(NLP) strategies to code data.
NLP capabilities are not already developed for
many of these research areas and must be
developed.
Those NLP procedures are often developed and
refined using machine learning strategies.
We will compare the paradigmatic approach to
traditional research strategies and the Semantic
Web for important research tasks.
Example Areas Illustrating the
Paradigmatic Approach
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Event analysis in international relations
Essay grading
Tracking news reports on social issues or for
clients
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E.g., Campaigns, Corporations, Press agents
Each of these areas illustrate significant data flows.
These areas and programs within them illustrate
elements of the paradigmatic approach.
Most do not yet employ all the strategies.
Essay Grading
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These are programs that allow students to submit essays
using the computer then a computer program examines
the essays and computes a score for the student.
Some of the programs also provide feedback to the
student to help them improve.
These programs are becoming more common for
standardized assessment tests and classroom
applications.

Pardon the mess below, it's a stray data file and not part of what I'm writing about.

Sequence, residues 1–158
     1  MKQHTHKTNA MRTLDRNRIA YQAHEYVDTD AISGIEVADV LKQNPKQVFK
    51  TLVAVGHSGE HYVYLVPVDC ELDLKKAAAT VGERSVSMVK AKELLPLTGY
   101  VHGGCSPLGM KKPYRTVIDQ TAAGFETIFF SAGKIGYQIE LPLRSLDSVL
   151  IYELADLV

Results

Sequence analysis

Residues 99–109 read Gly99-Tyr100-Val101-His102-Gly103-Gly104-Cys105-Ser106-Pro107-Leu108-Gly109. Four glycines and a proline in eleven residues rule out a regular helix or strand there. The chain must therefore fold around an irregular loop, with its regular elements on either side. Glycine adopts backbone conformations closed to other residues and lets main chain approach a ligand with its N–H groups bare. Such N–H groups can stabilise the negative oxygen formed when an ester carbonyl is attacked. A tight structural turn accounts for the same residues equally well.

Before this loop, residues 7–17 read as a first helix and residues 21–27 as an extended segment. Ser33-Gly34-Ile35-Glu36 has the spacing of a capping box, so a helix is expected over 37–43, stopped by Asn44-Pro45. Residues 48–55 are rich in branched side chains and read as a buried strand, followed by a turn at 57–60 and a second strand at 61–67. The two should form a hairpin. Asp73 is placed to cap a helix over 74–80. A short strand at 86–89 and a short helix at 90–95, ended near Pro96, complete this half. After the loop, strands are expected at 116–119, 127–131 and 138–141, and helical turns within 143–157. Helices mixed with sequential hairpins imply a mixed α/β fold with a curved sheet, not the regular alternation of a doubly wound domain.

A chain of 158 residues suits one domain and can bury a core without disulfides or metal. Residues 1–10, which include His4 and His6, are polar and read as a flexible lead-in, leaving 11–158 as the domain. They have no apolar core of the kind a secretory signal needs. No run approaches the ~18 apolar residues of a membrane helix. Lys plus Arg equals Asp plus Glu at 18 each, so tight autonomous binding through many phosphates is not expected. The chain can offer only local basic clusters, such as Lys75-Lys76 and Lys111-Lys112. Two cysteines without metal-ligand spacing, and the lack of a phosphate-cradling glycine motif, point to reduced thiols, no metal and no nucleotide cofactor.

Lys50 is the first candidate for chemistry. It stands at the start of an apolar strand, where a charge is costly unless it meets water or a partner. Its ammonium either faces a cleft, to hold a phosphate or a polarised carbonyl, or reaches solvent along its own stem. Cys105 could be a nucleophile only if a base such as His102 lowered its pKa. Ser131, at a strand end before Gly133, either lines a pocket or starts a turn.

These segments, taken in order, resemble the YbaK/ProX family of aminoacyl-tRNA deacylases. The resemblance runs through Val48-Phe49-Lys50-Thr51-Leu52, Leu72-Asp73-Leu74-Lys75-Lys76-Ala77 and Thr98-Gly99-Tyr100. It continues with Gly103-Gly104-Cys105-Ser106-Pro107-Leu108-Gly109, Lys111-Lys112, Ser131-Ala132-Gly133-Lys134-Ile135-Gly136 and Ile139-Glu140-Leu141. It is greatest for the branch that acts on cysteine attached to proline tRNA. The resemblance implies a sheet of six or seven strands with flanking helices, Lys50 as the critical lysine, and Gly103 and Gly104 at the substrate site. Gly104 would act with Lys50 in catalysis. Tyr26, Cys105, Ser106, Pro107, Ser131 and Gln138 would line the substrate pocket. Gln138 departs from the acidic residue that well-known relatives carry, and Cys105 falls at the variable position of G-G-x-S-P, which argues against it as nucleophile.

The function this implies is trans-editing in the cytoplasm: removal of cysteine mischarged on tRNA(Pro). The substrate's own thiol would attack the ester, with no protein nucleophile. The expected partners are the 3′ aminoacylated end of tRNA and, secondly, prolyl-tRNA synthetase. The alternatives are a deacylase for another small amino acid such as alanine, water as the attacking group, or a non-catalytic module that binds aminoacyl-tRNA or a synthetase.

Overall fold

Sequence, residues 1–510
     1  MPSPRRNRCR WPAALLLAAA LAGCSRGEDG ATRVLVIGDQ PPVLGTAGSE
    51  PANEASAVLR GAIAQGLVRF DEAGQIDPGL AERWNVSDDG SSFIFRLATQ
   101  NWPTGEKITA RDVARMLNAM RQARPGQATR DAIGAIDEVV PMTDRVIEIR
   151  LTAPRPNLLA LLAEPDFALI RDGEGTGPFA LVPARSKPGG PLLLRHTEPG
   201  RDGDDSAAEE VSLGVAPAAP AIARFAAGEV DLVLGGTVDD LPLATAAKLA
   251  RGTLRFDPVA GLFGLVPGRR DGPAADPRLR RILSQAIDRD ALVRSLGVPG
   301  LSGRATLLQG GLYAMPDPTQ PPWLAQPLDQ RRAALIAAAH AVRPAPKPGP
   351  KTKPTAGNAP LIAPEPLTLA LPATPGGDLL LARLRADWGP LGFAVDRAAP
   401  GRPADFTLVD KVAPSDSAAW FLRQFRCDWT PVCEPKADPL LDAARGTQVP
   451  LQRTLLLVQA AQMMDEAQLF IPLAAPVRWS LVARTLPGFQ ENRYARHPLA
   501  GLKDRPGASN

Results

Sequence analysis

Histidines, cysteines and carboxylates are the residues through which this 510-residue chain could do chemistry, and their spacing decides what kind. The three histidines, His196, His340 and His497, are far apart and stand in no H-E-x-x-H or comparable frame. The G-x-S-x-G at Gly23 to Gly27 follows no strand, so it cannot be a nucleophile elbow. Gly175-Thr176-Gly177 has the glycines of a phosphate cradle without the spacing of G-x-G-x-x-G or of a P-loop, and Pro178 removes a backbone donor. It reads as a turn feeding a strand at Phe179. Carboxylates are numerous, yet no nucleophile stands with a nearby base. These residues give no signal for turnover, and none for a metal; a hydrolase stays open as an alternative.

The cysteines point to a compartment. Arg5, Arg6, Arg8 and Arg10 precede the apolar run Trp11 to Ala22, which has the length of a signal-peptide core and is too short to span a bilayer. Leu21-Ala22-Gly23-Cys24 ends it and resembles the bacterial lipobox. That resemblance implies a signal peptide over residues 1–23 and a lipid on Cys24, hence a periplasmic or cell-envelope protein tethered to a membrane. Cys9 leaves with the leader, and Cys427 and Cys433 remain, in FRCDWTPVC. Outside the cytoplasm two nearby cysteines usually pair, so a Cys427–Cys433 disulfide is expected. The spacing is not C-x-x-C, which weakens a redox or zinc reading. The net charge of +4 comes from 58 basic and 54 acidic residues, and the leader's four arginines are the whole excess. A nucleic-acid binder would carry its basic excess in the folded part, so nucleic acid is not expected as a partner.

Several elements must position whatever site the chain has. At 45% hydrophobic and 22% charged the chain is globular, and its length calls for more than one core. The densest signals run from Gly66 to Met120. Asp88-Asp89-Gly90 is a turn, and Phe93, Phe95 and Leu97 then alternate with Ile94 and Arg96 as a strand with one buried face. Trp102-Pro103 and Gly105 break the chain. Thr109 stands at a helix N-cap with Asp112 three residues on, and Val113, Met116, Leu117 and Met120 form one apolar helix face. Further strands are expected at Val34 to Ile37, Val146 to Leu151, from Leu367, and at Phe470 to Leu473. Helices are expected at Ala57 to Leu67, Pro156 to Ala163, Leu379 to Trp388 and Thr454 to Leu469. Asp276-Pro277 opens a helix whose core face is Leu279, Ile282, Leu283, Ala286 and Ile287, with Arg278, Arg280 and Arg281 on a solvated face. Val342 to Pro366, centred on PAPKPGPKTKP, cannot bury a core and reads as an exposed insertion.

Examples of programs
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SAGrader™
E-rater®
C-rater®
Intelligent Essay Assessor®
Criterion®
These programs illustrate large ongoing data flows and
generally reflect the paradigmatic approach.
Digitizing Data
Task
Traditional Research
Semantic Web
Data from Internet digitized Data digitized by
by web page developers.
web page
Other data must be
developers
Digitizing
digitized by researcher
or analyzed manually.
This can be a huge
hurdle.
Paradigmatic
Approach
Data digitized
by web page
developers
The first step in any computer analysis must be converting relevant data to
digital form where it is expressed as a stream of digits that can be
transmitted and manipulated by computers
These two approaches both rely on web page developers to digitize
information. This gives them a distinct advantage over traditional research
where digitizing data can be a major hurdle.
Essay Grading: Digitizing
Data
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Digitizing
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Papers replaced with digital submissions
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SAGrader, for example, has students submit
their papers over the Internet using standard
web browsers.
Digitizing often still a major hurdle limiting
use
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Access issues
Security concerns
Data Conversions
Task
Traditional Research
Semantic Web
Paradigmatic Approach
Converted
Data
Digitized data
suitable for web
delivery for human
interpretation
Digitized data suitable for
web delivery for human
interpretation
Digitized data suitable for
web delivery and
machine interpretation
Converting
No further data
No further data conversions
conversions required
required once digitized by
once digitized by
web page author
web page author
Further conversion
sometimes required by
researcher (e.g., OCR,